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This is just a guess, the element in a chamber with antifreeze will probably boil the antifreeze because of insuficient heat transfer without forced circulation. It would help if one could use a pump to induce flow over the direct contact element to move the heat and reduce element surface temperature to a point low enough to prevent scorching.

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Old 01-26-2008, 01:14 PM   #6
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Not all that knowledgeable here but I do have experience using a standard 120 volt 2000watt element (both heat stick and kettle mounted). I have never detected any scorching! I even have used the stick to adjust mash temps (constantly stirring) w/out scorching the "high gravity" first runnings.

My field experince, and what I gather from what I've read is that fears of scorching are overstated. Of course ymmv.

Mike

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Old 01-26-2008, 01:26 PM   #7
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anti-freeze isn't the best material for your plan. I'd use an oil with a high smoking point. Like synthetic hydraulic oil, or maybe even peanut oil.

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Old 01-26-2008, 01:54 PM   #8
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Sounds like a lot of work to avoid a something that may not even be a problem, meanwhile constructing something that will require a field test to assess functionality. I don't think anyone here can do better than guess at what the heat transfer will be like, but I tend to agree with Kladue, that it won't be great.

As for whether a 4500 w element will maintain a rolling boil, depends on how much wort, and I'd be much more concerned with how long it took to bring it too a boil:


4500 watts = 15,363 Btus

3500 watts = 11,949 Btus

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Old 01-26-2008, 05:21 PM   #9
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The boil rate is independent of how much wort you are boiling. Once the wort reaches the boiling point, you need 970 BTU to vaporize a pound of water.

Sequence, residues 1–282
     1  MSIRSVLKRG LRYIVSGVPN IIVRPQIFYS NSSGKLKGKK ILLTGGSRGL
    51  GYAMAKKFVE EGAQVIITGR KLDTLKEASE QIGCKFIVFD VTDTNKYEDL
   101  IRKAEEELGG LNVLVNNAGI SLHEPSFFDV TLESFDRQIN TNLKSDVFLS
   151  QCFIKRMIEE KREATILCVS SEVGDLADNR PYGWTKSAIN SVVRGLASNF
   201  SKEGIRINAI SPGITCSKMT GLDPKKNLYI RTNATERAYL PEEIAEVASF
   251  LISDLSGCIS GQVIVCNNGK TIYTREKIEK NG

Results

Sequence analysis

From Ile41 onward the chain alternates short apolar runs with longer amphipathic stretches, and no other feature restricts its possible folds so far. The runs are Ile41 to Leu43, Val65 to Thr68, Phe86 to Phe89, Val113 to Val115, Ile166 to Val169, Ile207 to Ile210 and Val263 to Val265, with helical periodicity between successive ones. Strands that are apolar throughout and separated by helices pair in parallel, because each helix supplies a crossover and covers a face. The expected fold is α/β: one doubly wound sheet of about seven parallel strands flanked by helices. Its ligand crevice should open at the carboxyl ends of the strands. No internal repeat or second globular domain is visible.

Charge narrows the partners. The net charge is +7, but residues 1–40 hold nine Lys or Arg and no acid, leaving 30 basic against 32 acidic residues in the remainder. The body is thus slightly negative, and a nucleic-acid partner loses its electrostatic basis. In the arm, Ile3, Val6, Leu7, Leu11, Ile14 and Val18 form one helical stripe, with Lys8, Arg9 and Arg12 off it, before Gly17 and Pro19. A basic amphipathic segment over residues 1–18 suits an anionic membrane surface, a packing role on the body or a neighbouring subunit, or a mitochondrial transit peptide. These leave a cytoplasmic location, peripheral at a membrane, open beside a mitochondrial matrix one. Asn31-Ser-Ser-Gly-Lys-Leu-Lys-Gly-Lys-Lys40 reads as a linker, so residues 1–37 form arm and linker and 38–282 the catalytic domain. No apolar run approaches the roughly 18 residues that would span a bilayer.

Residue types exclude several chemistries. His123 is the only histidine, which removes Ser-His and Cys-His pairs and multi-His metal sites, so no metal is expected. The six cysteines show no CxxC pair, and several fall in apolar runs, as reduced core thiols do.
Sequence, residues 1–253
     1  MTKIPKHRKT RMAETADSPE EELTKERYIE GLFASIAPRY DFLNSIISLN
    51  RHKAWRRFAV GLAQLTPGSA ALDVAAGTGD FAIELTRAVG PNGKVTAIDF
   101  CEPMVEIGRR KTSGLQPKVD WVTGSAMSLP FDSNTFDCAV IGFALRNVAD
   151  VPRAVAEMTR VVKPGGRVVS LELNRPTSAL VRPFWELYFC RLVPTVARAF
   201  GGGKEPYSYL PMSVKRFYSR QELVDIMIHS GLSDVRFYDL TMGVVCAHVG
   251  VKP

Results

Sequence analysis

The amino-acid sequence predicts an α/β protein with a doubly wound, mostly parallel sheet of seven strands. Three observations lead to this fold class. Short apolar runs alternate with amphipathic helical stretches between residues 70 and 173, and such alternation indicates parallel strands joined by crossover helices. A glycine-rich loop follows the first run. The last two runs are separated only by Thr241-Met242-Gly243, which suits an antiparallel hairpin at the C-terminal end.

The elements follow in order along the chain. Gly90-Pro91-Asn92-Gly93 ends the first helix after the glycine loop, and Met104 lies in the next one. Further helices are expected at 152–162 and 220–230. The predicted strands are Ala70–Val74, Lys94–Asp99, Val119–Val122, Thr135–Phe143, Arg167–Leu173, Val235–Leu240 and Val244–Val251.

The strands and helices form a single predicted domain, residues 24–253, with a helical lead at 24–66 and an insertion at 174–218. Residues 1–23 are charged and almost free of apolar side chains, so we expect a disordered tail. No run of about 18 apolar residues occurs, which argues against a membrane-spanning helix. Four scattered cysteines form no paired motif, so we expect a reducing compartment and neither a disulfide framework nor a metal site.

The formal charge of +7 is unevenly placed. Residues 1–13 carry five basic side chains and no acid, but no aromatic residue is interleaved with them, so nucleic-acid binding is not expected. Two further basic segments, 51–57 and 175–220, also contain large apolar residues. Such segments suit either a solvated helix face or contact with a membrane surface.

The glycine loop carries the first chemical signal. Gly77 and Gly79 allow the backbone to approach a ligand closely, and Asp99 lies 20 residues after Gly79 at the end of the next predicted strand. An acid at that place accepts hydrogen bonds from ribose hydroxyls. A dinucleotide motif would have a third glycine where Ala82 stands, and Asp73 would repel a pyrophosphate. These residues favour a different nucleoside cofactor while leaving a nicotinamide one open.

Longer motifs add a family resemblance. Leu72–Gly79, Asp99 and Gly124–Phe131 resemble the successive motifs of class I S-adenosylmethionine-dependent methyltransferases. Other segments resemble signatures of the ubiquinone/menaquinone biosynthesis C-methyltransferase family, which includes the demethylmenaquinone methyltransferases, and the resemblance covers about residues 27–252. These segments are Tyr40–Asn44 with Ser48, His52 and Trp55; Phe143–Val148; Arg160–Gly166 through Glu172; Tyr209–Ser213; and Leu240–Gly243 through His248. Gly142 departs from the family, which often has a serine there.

A 4500 watt element will heat ten gallons of wort about 3 degrees F a minute assuming no heat loss to the surroundings and assuming the wort has the same specific heat as water.

Making the same assumptions as above, it takes an electric heating element running at about 3600 watts to boil off wort at a rate of 1.5 gallons per hour, which is a typical boil rate for most of us. One gallon per hour boiloff requires 2400 watts of power.

Echoing others above, lots of folks have success using elements in direct contact with wort, and some in contact with the mash. I would use your obvious ingenuity to build an electric RIMS or HERMS system to heat mash.

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Old 01-26-2008, 06:38 PM   #10
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All good replies I must thank you all.
I want to have over 10 gallons at the end of the boil so the total volume before boil must be around 13 gallons, just a guess figure to heat up.
On using oil vs anti-freeze that sounds like a great idea as there would be no pressure cap to increase the boiling point of the anti-freeze.
Now Amsoil synthetic ATF has a flash point (vapor) of 428 degrees Fahrenheit, way above what I would have to worry about. I will add a gear case sight gauge for filling, heat expansion and sight.
As far as extra work for myself you all know labors free besides it's the building of the project that counts. A little more welding than just welding half of a one inch coupling into a keg besides I have the welding equipment and not paying to have it welded plus have one odd manufactured keg that I can experiment on.
On the High Gravity Home Brewing and Wine Making Supplies forum they show a build your own electric brewing system with a 15.5 gallon HLT kettle heated by 4,500 watts at 220 volts and the 15.5 gallon boil kettle heated with 3,500 watts at 220 volts. They claim 30% boil off hence only a 60 minute boil time.